A strange sensation began slowly to take possession
of his body and his mind. He could not have
said which, if any, of his senses was affected; he felt
it rather as a consciousness--a mysterious mental
assurance of some overpowering presence--some
supernatural malevolence different in kind from
the invisible existences that swarmed about him, and
superior to them in power. He knew that it had
uttered that hideous laugh. And now it seemed to be
approaching him; from what direction he did not
know--dared not conjecture. All his former fears
were forgotten or merged in the gigantic terror that
now held him in thrall. Apart from that, he had but
one thought: to complete his written appeal to the
benign powers who, traversing the haunted wood,
might sometime rescue him if he should be denied
the blessing of annihilation. He wrote with terrible
rapidity, the twig in his fingers rilling blood without
renewal; but in the middle of a sentence his hands
denied their service to his will, his arms fell to his
sides, the book to the earth; and powerless to move
or cry out, he found himself staring into the sharply
drawn face and blank, dead eyes of his own mother,
standing white and silent in the garments of the
In his youth Halpin Frayser had lived with his
parents in Nashville, Tennessee. The Fraysers were
well-to-do, having a good position in such society as
had survived the wreck wrought by civil war. Their
children had the social and educational opportunities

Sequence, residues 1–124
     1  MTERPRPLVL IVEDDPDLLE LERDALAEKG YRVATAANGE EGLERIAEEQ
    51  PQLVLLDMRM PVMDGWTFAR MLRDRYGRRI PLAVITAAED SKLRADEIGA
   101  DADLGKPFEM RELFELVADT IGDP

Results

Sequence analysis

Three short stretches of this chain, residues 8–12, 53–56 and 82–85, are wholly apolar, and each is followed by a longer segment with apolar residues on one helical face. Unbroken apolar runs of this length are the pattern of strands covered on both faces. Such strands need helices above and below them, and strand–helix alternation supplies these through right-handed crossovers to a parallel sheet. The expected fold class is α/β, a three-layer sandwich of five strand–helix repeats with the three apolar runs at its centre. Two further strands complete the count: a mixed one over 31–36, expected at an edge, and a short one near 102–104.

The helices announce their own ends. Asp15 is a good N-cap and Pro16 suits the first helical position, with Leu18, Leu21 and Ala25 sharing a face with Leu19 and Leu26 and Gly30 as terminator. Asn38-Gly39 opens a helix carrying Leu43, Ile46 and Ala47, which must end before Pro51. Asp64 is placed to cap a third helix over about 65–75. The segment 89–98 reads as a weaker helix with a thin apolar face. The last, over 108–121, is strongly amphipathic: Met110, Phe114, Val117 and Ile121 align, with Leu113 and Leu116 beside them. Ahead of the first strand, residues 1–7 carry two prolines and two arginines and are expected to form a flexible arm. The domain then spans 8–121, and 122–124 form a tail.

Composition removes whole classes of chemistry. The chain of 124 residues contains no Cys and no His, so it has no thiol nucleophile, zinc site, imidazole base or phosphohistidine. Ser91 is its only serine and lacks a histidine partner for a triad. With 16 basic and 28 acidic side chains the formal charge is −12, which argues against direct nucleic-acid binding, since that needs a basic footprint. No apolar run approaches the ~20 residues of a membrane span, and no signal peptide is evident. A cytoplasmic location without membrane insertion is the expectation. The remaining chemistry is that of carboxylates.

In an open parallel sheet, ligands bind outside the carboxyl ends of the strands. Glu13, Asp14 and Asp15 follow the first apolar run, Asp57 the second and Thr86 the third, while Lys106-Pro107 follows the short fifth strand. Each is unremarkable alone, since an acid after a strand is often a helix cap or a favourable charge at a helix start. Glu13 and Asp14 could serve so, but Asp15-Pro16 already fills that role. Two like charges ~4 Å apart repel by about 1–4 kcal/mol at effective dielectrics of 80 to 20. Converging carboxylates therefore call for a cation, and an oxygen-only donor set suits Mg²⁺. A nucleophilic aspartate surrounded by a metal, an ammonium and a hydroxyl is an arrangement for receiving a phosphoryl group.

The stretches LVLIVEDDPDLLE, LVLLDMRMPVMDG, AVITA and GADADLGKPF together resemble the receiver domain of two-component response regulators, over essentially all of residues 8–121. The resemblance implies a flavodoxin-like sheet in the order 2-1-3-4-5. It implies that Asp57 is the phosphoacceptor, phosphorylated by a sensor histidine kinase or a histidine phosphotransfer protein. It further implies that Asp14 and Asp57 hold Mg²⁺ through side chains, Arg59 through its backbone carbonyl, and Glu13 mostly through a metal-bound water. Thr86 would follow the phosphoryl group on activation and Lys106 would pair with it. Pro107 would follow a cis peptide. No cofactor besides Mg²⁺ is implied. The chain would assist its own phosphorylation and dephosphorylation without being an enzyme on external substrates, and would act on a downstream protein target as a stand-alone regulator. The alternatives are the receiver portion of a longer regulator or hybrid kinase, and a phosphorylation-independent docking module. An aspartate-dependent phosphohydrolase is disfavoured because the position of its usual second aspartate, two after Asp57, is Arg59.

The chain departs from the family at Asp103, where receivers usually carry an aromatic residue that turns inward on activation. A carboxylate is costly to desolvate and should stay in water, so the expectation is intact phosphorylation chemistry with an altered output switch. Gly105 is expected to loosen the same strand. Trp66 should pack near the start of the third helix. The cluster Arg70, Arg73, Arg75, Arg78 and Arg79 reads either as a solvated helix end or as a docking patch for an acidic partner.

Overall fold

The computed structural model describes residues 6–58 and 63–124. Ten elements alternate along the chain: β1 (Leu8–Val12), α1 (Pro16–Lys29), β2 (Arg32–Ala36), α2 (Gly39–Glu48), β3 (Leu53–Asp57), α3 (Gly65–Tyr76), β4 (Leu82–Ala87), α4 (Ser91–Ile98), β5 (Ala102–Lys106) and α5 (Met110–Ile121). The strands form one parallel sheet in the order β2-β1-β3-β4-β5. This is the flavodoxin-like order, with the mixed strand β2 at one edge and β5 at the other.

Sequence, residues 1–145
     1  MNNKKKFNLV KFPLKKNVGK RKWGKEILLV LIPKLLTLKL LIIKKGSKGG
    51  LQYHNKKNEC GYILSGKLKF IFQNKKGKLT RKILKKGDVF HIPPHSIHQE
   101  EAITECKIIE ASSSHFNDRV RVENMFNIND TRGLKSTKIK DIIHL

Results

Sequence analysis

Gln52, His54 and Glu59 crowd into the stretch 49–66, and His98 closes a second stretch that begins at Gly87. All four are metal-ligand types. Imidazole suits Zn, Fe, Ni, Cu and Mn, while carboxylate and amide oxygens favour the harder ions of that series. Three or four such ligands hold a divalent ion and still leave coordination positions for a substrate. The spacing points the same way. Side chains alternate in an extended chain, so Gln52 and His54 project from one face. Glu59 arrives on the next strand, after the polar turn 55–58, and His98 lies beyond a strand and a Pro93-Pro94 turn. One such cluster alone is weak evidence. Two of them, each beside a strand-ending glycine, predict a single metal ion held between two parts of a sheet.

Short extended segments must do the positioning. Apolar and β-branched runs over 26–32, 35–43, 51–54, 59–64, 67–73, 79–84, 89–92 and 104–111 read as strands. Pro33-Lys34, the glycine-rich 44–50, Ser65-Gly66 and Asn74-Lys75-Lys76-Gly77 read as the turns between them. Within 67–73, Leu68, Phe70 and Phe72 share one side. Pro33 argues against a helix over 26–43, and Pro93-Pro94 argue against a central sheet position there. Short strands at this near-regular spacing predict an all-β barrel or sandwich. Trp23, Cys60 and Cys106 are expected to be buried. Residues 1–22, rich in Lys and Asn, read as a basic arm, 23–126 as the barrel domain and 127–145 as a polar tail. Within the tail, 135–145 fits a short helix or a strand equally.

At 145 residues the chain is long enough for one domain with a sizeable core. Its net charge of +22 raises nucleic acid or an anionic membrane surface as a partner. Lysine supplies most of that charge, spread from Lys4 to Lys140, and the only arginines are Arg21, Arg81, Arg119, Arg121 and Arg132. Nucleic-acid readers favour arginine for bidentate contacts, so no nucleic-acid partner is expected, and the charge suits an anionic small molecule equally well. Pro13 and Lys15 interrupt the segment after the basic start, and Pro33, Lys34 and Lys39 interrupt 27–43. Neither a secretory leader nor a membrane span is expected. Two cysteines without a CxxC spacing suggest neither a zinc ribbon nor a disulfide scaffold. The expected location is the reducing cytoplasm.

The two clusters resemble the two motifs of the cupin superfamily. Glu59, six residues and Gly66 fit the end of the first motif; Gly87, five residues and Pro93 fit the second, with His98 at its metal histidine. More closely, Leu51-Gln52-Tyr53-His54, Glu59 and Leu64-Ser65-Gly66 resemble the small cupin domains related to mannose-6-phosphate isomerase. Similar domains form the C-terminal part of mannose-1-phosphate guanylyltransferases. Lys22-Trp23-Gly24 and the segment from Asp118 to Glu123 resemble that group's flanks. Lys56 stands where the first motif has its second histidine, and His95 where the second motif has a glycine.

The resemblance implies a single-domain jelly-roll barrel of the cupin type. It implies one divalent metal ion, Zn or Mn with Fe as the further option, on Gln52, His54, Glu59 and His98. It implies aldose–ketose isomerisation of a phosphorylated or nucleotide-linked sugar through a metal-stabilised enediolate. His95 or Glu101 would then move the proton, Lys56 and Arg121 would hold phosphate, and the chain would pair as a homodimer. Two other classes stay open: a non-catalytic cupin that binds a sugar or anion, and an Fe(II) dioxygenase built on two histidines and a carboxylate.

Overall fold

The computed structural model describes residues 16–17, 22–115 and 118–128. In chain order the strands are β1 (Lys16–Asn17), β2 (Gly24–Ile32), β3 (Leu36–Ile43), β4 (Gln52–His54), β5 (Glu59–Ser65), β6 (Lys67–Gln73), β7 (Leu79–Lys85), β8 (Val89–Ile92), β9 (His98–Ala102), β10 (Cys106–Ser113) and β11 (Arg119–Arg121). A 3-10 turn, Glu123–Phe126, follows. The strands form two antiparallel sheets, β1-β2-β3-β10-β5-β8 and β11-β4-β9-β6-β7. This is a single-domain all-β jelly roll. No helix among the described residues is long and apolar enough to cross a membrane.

of their time and place, and had responded to good
associations and instruction with agreeable manners
and cultivated minds. Halpin being the youngest
and not over robust was perhaps a trifle 'spoiled.'
He had the double disadvantage of a mother's
assiduity and a father's neglect. Frayser pere was
what no Southern man of means is not--a politician.
His country, or rather his section and State,
made demands upon his time and attention so exacting
that to those of his family he was compelled
to turn an ear partly deafened by the thunder of
the political captains and the shouting, his own
Young Halpin was of a dreamy, indolent and
rather romantic turn, somewhat more addicted to
literature than law, the profession to which he was
bred. Among those of his relations who professed
the modern faith of heredity it was well understood
that in him the character of the late Myron Bayne,
a maternal great-grandfather, had revisited the
glimpses of the moon--by which orb Bayne had
in his lifetime been sufficiently affected to be a poet